PetaPixel

Convert Your Old Film SLR Into a Digital Camera with the DigiPod

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The idea of fitting electronics into a film SLR in order to capture digital photos with it is not new. The thing is, most of the ideas we’ve shared ranged from April Fools jokes to promising concepts that never seem to advance beyond that.

The DigiPod is the first product we’ve seen actually become a reality. It’s a digital cartridge that fits inside your old film SLR, and if it makes it to market, it could be quite groundbreaking.

The DigiPod was designed by UK developer and former photographer James Jackson, who has spent the last 5 years perfecting his design for this Digital Film Pod that could put his old Nikons, Canons and Leicas back in the game.

Much of his time designing the DigiPod was spent researching a similar attempt by a company called “Silicon” from 2000, and learning as much as he could about digital photography. The product he came up with is a simple “pod” that loads right into the back of your film SLR and interacts with the automatic or manual mechanics in the same way that film would.

Taking a picture is as easy as pushing the shutter button. And once you’ve taken a picture, you prepare the camera for the next shot by “advancing the film” in the same way you would if there were actual film in there.

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A prototype is ready and the manufacturers are lined up, all Jackson needs now is the funding, which he is attempting to secure through Indiegogo. In order for the DigiPod to make it into consumer’s hands, he’ll need to raise almost $307,500 (¬£199,000), and so far the first few days of the campaign have seen no backers.

That goal is set so high in order to maintain the current price of $370 ($310 for early bird backers). But if you want one of your own, there’s even more incentive to tell your friends. The current model will come with a 2/3-inch sensor, but the more people that back it, the bigger the sensor he’ll pack inside.

A sample photo captured using Jackson's 1/2.5-inch prototype sensor

A sample photo captured using Jackson’s 1/2.5-inch prototype sensor

Jackson needs 1,000 backers to reach his current goal, but if the number hits 2,000, the sensor size increases to 1-inch. And if they hit 5,000, they’ll go even bigger and put a 4/3-inch sensor inside.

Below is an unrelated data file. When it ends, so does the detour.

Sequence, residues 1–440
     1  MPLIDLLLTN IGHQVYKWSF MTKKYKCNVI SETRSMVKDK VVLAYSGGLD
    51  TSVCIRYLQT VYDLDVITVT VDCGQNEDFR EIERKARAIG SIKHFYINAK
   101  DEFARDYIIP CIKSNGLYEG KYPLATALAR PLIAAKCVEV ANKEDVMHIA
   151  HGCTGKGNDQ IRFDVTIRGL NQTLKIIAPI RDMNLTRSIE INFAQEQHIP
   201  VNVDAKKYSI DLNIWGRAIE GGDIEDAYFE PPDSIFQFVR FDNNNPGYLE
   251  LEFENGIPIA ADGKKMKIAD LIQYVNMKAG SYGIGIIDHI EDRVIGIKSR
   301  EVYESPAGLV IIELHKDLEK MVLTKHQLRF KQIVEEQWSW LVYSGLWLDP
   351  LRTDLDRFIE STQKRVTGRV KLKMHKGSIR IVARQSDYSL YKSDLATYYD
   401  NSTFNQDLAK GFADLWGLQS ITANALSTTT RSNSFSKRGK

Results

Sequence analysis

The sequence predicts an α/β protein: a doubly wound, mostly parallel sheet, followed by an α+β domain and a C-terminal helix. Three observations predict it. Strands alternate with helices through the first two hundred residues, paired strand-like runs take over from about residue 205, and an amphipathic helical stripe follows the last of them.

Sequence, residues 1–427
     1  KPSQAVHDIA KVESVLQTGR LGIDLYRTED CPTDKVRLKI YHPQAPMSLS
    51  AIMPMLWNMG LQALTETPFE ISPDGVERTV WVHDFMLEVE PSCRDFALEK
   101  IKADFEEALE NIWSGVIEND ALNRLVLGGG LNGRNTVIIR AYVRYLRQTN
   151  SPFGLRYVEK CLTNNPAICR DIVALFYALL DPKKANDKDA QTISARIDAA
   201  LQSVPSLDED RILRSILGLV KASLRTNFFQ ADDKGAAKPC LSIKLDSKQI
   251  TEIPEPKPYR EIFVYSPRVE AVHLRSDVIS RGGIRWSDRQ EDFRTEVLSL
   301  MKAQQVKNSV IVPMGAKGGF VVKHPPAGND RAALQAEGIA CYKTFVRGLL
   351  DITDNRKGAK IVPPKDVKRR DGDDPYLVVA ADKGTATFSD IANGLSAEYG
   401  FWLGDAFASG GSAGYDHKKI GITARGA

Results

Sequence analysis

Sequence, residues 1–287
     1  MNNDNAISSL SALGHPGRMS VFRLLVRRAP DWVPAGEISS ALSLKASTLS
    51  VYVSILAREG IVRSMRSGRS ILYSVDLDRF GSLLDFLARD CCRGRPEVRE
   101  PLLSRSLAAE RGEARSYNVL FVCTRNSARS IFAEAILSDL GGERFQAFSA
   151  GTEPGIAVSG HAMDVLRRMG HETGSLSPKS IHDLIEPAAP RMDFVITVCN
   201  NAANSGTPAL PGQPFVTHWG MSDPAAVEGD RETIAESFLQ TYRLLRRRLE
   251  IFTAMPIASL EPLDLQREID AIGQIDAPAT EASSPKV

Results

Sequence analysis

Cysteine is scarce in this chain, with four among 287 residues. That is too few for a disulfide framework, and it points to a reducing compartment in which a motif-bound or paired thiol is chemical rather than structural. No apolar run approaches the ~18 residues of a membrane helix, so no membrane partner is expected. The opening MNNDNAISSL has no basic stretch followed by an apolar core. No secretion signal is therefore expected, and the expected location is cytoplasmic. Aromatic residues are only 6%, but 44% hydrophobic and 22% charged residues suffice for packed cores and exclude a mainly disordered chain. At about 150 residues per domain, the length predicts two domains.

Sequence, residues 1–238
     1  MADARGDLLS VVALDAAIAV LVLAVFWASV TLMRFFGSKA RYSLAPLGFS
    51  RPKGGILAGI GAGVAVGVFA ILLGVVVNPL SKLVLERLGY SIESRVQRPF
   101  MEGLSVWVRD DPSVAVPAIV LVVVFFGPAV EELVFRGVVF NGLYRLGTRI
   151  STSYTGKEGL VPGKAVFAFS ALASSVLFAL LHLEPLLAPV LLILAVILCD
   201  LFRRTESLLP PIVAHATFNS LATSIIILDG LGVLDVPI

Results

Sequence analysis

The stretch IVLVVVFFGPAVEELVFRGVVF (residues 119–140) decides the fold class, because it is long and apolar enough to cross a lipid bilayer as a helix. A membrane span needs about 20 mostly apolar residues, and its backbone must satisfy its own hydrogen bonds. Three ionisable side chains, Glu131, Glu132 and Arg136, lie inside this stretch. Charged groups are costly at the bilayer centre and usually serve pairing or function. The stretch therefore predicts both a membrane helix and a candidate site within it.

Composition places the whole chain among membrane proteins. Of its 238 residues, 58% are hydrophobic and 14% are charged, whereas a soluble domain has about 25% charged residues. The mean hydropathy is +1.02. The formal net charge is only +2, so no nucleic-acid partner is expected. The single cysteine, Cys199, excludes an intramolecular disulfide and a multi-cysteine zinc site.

For now 5,000 seems very far away when the campaign hasn’t even logged its first backer, but who knows what will happen in the next 41 days. To learn more about the DigiPod and put your name down for one of the early bird models today, head over to the campaign’s page by clicking here.


 
  • Guest

    James, while it sounds that you’ve solved some of the issues with designing a product like this, I strongly suggest that you design a prototype around a used aps-c or full frame sensor. Invest in a few old 6MP aps-c sensors or something, or you won’t get the backing you need. You need to make a professional looking video as well, as this video is directly related to your potential investors confidence in you. You might be a master engineer, skilled inventor etc, but none of that shows in the video. It’s not about ‘judging a book by the cover’, the problem is that there is no book. You are asking for money to write it. And this pledge for money needs credibility.

    I can imagine this type of criticsism is not that easy to take. I for one would probably give up if I was at the receiving end. But there is some very good advice there too, and potential backers. I wish you good luck!

  • Paulo

    Since flexible displays, maybe one day we’ll have flexible sensors to fit like a film in film cameras

  • Andrew Williams

    What is the point of shooting with vintage Nikons or Canons, which have a nominal native format of 24x26mm with a relatively tiny sensor? Only the central part of what you see in the viewfinder would get to the sensor, effectively making every lens far more telephoto. When they make one that is full frame, I will consider it.

  • That Guy

    Well someone’s a little jealous…. here’s a tissue. Cry somewhere else for a change and quit your bitching.

  • Zos Xavius

    I’m not james, but you are right. This is pretty much vaporware.

  • Camstone Fox

    Fair enough offer and reply… and making me both hopeful and skeptical that you’re really onto something, James. eMail to follow.